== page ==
Research on TBI in Fruit Flies will Yield Data Applicable to Humans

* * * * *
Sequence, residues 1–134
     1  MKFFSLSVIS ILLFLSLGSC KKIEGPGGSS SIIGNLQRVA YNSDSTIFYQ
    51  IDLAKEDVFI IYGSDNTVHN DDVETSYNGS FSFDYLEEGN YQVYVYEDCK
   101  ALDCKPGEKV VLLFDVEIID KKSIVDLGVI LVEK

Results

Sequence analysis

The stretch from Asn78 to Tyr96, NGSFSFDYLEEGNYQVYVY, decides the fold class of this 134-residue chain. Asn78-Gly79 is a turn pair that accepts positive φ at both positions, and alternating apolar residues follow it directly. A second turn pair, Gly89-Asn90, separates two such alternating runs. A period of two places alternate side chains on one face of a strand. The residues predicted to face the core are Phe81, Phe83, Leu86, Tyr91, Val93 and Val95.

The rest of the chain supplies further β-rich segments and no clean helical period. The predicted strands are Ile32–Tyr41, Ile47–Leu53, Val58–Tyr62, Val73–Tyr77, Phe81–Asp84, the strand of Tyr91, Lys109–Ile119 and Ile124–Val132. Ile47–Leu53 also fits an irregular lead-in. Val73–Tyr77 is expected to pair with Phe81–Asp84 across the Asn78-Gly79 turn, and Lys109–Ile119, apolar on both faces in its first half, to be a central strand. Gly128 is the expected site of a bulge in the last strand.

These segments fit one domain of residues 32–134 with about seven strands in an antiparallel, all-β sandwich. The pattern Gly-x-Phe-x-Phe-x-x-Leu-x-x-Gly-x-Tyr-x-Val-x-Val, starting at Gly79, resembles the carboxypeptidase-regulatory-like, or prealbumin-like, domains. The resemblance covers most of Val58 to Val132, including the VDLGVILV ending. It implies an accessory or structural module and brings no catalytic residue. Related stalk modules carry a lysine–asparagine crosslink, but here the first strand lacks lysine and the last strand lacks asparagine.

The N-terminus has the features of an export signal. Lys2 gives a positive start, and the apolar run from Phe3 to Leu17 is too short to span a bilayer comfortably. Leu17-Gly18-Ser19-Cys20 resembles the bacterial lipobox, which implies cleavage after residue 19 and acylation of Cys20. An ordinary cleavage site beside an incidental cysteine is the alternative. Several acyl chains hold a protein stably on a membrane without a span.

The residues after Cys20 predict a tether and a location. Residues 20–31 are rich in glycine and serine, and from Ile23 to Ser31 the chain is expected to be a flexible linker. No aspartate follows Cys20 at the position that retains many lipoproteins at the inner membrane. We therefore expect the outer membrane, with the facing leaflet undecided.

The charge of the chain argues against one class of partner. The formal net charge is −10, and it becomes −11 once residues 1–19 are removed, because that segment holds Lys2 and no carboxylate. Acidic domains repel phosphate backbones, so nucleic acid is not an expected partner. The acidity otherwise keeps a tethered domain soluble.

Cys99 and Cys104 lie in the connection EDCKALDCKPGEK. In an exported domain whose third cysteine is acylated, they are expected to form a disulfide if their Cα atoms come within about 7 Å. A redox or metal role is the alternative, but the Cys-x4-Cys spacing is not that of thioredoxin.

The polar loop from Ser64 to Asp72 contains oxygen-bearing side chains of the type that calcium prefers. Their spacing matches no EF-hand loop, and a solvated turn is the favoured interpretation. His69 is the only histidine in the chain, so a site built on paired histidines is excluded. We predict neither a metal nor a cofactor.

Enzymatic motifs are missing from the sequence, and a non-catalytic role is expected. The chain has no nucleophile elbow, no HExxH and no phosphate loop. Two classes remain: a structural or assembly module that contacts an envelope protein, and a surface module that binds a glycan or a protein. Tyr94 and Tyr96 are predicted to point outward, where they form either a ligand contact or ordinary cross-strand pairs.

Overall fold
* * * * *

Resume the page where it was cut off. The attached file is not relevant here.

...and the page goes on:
University of Wisconsin geneticist Barry Ganetzky concluded that we know very little about how head trauma triggers neurodegeneration of the brain following TBI, and that’s because of legal and ethical restrictions on human experimentation. After looking around for a suitable non-human candidate for TBI research he hit on the fruit fly. The fruit fly’s brain is encased in a hard cuticle which mimics the human skull, and when trauma is applied to its cuticle the fruit fly not only suffers short term effects of concussion, but delayed onset of neurodegenerative changes to its brain just like some human victims of TBI.Ganetzky and his colleague David Wassarman, a UW professor of cell and regenerative biology, have received an NIH grant to pursue their research. Their first report came in the October 14, 2013 issue of the Proceedings of the National Academy of Sciences. As they continue to report on their work I will relay it on this blog.
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